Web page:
Masks have been used in theatrical productions for thousands of years. The University of Southern Queensland explains that masks are physical objects that connect the viewer to the story, which helps make the drama more believable.
Greek and Roman Masks
Greek masks often depicted gods and goddesses during ritual dramatic performances. These oversized masks were fitted around the actor's mouth so that he could project his voice. Roman masks allowed actors to play multiple parts. Like Greek masks, Roman masks were greatly enlarged and used exaggerated expressions so that the audience could see the character's emotional state, even from a distance.
Japanese Noh Theater
Noh theatre dates back to the eighth century. Although some masks were only used for specific roles, the actor often chose the mask based upon the character's gender, age, emotional state and according to his interpretation of the role. The Japan Arts Council explains that the mask and the actor's movements were used together to represent emotions on the stage.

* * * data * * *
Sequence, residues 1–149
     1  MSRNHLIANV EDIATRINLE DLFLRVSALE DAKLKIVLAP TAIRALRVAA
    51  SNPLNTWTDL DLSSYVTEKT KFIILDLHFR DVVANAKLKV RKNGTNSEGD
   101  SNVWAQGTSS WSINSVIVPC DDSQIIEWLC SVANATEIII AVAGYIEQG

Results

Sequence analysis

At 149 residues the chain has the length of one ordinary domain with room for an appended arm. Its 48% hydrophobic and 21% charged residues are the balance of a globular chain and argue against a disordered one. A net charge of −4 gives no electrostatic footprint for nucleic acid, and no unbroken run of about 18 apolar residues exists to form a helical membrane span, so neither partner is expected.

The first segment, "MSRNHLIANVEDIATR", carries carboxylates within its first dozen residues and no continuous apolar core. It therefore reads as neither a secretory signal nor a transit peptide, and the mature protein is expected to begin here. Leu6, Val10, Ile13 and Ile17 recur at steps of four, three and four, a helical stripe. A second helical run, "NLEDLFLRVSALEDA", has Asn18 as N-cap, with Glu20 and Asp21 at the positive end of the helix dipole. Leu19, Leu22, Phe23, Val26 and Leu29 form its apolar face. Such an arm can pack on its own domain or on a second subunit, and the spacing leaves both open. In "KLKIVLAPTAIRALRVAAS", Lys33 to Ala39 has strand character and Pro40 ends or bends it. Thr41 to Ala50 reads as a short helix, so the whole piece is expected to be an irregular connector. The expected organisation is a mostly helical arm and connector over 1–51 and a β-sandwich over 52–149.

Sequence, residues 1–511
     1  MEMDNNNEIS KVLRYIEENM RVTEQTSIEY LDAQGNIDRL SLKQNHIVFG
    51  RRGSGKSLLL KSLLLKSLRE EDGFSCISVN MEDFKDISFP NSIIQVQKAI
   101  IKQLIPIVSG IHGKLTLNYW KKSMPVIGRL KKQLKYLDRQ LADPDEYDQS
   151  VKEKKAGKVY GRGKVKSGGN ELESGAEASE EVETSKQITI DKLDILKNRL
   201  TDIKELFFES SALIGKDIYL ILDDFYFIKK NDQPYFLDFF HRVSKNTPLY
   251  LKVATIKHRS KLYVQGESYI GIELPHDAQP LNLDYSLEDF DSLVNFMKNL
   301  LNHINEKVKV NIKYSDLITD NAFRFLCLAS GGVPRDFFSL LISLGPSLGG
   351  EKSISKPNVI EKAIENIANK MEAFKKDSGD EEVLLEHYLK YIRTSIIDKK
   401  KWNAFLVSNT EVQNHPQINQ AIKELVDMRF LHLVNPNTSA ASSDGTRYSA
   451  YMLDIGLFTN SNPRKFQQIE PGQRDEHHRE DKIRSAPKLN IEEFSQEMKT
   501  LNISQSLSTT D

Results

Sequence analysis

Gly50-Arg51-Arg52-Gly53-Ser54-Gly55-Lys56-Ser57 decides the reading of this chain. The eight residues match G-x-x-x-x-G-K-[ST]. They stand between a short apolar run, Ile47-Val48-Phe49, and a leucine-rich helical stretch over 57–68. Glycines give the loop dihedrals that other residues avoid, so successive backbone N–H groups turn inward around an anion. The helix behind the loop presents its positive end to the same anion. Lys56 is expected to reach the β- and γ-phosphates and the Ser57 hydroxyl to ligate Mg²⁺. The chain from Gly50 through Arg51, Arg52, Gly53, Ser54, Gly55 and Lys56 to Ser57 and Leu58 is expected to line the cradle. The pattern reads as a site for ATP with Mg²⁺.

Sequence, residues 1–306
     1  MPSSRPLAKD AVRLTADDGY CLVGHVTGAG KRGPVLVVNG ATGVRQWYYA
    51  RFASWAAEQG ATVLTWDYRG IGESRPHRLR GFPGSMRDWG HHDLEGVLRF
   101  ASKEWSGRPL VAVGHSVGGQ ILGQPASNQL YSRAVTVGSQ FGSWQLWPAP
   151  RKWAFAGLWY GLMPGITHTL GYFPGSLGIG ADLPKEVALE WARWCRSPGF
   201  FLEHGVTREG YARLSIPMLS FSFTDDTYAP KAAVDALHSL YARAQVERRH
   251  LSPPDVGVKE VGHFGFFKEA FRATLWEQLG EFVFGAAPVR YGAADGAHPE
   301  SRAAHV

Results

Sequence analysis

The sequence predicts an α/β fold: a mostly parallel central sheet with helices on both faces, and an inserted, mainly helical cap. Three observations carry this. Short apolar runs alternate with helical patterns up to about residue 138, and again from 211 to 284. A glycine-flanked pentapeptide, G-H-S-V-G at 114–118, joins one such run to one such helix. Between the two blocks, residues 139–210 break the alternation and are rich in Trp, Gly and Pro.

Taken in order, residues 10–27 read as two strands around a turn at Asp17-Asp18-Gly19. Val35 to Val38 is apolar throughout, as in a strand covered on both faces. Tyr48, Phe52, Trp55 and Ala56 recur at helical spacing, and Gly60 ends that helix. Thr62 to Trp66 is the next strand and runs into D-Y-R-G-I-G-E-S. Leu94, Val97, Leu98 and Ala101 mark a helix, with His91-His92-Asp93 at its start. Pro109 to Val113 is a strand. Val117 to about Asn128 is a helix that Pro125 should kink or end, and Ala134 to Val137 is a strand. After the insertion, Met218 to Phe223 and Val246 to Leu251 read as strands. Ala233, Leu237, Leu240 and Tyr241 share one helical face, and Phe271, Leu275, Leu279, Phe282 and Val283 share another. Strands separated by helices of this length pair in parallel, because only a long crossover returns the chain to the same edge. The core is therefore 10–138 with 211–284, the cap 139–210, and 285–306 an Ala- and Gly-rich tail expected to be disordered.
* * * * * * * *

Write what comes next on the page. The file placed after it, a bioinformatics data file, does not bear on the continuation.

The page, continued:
During the 12th and 13th centuries, European clergymen created mystery plays to show the public the evils of sinful behaviour and dramatise placing wrongdoers on a path of correction. The papier-mache masks usually depicted demons.